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Libya's rogue militias complicate manhunt for those behind consulate attack

Libyan authorities have thrown their support behind US efforts to track down the perpetrators of the consulate attack, but well-armed militias, possibly backing Islamists, still lie beyond their control.

By Correspondent / September 14, 2012

Libyan military guards check one of the US Consulate's burnt out buildings during a visit by Libyan President Mohammed el-Megarif, not shown, to the US Consulate to express sympathy for the death of the American ambassador, Chris Stevens and his colleagues in the deadly attack on the Consulate on Tuesday, in Benghazi, Libya, Friday, Sept. 14.

Mohammad Hannon/AP

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Rabat, Morocco

The hunt is on in Libya for those behind the consulate attack that ended with the death of a US ambassador and three consulate staff, but the government's tenuous control raises questions about US and Libyan authorities' chances of success. 

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Ambassador Christopher Stevens and three colleagues were killed on Sept. 11 when an angry protest at the US consulate in Benghazi over a film insulting the prophet Muhammad morphed into a deadly rocket attack. It’s unclear whether the escalation was spontaneous or orchestrated, as some US officials suspect, and whether security lapses by American or Libyan authorities played a role. Most important, the perpetrators remain unknown.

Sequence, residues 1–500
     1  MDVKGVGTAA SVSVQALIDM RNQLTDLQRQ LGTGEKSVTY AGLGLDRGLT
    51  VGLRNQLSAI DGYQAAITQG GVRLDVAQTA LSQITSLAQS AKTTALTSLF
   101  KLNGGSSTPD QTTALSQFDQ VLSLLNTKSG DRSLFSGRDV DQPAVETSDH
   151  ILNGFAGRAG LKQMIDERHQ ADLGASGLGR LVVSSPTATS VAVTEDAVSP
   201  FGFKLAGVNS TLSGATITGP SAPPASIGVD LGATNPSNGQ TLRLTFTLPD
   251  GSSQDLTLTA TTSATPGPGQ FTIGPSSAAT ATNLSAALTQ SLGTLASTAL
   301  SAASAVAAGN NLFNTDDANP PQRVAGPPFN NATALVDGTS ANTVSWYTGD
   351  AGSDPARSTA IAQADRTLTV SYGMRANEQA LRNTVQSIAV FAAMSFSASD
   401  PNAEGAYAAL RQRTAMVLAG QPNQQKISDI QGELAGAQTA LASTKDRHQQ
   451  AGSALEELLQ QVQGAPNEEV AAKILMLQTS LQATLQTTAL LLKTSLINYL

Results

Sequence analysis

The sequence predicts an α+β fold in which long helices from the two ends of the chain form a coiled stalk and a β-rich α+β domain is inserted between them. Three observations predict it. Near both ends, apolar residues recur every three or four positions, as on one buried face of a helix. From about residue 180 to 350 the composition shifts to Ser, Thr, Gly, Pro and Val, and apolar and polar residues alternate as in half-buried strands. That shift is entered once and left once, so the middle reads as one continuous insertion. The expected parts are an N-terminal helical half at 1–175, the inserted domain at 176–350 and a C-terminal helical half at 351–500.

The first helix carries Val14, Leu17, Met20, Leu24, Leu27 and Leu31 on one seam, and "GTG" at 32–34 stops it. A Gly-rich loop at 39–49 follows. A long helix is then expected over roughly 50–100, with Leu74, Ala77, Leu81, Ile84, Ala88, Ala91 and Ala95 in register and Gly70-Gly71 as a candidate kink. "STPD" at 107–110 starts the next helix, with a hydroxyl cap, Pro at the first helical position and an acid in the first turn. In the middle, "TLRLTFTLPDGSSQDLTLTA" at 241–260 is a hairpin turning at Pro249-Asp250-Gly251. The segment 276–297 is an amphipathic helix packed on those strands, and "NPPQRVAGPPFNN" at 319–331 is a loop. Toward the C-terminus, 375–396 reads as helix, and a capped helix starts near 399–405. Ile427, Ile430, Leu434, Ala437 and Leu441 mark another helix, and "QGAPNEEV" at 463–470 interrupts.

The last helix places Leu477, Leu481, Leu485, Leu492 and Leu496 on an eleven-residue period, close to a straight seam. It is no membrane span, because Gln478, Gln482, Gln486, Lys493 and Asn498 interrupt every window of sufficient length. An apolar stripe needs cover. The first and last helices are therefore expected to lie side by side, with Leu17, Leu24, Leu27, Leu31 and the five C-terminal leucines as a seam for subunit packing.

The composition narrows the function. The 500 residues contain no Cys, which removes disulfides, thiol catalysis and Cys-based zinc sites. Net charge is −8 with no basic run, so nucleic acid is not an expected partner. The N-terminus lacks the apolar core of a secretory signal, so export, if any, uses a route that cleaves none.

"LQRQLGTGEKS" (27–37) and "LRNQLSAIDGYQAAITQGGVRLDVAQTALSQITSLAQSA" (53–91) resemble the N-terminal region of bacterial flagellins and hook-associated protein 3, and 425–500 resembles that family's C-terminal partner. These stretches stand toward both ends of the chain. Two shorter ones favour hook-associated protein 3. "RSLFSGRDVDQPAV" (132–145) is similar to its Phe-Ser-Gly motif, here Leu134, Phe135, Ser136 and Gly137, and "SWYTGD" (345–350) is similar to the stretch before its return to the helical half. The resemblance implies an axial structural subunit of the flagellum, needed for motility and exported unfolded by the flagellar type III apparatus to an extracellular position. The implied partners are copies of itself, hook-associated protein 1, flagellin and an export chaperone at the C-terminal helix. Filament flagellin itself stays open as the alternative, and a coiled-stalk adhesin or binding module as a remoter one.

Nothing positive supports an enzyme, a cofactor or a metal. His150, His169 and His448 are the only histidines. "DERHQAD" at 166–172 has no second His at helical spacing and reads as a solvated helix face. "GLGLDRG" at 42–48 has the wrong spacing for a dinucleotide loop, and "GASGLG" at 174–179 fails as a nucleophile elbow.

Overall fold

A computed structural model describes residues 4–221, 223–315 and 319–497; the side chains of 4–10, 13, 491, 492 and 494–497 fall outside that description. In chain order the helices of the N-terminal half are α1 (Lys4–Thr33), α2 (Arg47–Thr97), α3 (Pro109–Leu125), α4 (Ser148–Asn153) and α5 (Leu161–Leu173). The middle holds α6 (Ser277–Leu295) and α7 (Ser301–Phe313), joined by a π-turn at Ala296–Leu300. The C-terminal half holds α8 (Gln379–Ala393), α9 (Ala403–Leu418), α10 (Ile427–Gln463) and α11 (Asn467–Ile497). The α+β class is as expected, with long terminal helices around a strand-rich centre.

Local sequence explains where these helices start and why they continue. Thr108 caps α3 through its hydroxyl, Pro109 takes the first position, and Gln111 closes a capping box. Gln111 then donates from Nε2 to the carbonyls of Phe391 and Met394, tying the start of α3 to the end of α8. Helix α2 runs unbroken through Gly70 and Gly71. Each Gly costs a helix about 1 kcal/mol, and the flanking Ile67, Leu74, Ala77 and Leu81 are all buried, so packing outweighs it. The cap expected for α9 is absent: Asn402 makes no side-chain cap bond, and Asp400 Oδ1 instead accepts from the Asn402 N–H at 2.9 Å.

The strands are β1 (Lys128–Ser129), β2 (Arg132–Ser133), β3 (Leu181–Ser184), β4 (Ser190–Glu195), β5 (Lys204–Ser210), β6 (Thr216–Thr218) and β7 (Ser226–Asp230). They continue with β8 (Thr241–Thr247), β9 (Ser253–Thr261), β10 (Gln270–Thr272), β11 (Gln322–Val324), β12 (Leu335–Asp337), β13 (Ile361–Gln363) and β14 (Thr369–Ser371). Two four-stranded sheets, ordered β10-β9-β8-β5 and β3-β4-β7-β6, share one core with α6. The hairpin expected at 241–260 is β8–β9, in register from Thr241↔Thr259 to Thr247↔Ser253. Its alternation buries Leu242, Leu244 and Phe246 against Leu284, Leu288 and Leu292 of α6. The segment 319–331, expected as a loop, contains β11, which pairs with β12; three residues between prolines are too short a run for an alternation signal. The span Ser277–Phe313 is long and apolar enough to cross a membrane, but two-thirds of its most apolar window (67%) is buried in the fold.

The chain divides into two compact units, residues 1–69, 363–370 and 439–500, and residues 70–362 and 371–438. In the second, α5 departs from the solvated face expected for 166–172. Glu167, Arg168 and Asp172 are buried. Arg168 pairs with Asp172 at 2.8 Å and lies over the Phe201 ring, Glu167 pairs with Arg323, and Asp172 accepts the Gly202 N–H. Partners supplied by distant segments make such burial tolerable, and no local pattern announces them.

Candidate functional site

Determining any of that will be hard, especially amid the challenge posed by Libya's numerous militias, which have a host of competing agendas. The good news for investigators is that most Libyans reject the violent ideology that US officials believe fueled the attack, and are unlikely to shelter its perpetrators. Libyan officials have condemned the attack and shown every sign of wanting to work with the US. 

Yesterday Libyan authorities said they had arrested and were interrogating four men suspected of involvement in the attack. 

But the fledgling government is vastly outgunned by local militias that arose last year to overthrow Muammar Qaddafi and have since refused to lay down their arms. Tripoli has little choice but to seek their help in keeping the peace.

Some Libyan officials suspect those militias’ loyalty. Deputy Interior Minister Wanis Sharif told The New York Times that while the initial assault on the consulate was chaotic, a subsequent attack on a US safe-house appeared planned. He believes the attackers "had infiltrators who were feeding them information.”

“In theory, there was an attempt to bring militias under the control of the interior and defense ministries,” says Wolfram Lacher, a Middle East and North Africa analyst at the German Institute for International and Security Affairs, a foreign policy think tank in Berlin. “But in reality they have kept their own command structures.” 

Increasingly, militias – including some with Islamist agendas – are consolidating their power and building up their numbers, Mr. Lacher says. “They want to define the new state by controlling the security sector.”

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